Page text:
It’s a pretty tedious 3 hour ferry ride from the South Island to the North, even if, after some successful blagging from Hutch, you are sitting in the comfort of the luxury lounge. So what better way to make time pass rather quicker than to pick a Team of the Pool Stages. So after much heated discussion, here it is.
Barring Ireland and Australia being on the other side of the draw and Tonga beating France, the World Cup has panned out much as everybody would have expected. This could be seen as a bit of a shame but there have still been some stirring performances from the so-called smaller teams and many of the players involved. This is reflected in the fact that four of the team will be watching the remainder of the tournament from the comfort of their own homes.
This number increases to five if you count the desperately unlucky Dan Carter whose absence makes the tournament poorer, whatever your allegiance. He makes the cut by virtue of a peerless display against the French. Samoa contribute two players and Tonga one after their stirring contributions to some of the finest games to date. This includes Paul Williams who was outstanding throughout and had it not been for his outrageous red card could have helped his team take a notable scalp against the Springboks.
Some of the more established teams have disappointed despite going through which explains why England, France and Australia do not have a single representative between them. New Zealand, Wales and Ireland however contribute three players apiece with South Africa adding two. These have been the best teams on display so far. Ma’a Nonu has been my player of the tournament causing havoc wherever he has gone allied to much improved distribution. He forms an enormous back line with compatriot Richard Kahui and the Welsh duo of the outstanding George North and the rejuvenated Jamie Roberts.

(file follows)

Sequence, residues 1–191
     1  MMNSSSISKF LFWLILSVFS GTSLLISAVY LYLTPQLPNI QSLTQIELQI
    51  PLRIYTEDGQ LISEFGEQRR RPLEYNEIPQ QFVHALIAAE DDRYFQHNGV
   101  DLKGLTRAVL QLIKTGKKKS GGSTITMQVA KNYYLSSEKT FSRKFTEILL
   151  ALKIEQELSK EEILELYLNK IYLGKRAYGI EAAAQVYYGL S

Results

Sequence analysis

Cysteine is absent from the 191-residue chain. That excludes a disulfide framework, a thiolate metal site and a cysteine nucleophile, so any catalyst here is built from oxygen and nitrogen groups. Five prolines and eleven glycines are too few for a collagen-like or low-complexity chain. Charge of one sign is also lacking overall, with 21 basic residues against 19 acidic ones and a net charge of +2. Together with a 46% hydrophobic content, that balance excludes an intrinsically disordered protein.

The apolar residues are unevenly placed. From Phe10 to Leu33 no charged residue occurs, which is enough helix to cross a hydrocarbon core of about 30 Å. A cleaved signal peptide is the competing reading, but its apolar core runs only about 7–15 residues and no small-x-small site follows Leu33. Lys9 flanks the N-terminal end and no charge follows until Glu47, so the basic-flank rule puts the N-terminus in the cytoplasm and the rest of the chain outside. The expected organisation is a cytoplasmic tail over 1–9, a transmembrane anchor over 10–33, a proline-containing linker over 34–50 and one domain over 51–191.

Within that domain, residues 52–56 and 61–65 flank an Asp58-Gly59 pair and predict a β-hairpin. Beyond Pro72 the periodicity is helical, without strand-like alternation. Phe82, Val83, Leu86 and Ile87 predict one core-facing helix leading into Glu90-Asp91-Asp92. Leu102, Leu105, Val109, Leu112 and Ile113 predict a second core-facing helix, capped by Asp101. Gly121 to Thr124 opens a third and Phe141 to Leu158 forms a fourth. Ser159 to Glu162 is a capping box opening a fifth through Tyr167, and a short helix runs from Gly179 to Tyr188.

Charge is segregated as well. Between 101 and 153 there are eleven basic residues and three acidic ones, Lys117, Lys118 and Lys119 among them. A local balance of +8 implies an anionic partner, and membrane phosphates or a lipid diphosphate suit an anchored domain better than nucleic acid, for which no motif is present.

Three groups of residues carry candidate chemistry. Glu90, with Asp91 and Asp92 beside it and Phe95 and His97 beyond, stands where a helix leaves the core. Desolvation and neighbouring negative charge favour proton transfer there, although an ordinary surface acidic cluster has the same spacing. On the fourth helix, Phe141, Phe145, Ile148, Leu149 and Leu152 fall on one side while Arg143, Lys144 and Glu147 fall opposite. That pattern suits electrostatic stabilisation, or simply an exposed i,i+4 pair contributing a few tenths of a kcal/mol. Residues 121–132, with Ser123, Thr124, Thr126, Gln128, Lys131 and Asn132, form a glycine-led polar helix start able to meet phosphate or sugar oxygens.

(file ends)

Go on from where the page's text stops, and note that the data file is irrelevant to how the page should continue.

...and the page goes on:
In the front row Cian Healy has scrummaged more powerfully than we have seen before to add to his already excellent work around the park and Castrogiovanni has shored up the Italian team all on his own at times. Bismarck Du Plessis meanwhile looks to have consigned John Smit to ending his international career on the bench, something which in truth should have happened some time ago.
The other area worthy of note is the back row. It seems most of the Man of the Match awards in the tournament have gone to ‘loosies’ with the Georgian, Tongan and Namibian back rowers taking plenty of plaudits. But Sean O’Brien and Sam Warburton have been simply outstanding and would have to rate next to Nonu as players of the tournament thus far. Granted O’Brien has been playing at 7 but he has played a lot of rugby at 6 and you would get short odds on these two packing down together in Australia in 2013 in the red of the Lions. Warburton is also skipper of the team for the way in which he seems to have inspired his young charges to finally perform on the world stage. They are joined by Tongan Viliami Ma’fuu who has been frightening around the park and had Frenchmen diving out of the way in a manner not seen since The Duke of Wellington shouted ‘Charge!’.
So here is the team. I don’t expect a single person to agree but frankly, it’s my article. Deal with it.
15. Paul Williams, 14. George North, 13. Jamie Roberts, 12. Ma’a Nonu, 11. Richard Kahui, 10. Dan Carter, 9. Khan Fotuali’i, 1. Cian Healy, 2. Bismarck Du Plessis, 3. Martin Castrogiovanni, 4. Danie Roussouw, 5. Paul O’Connell, 6. Sean O’Brien, 7. Sam Warburton, 8. Viliami Ma’afu
by Stuart Peel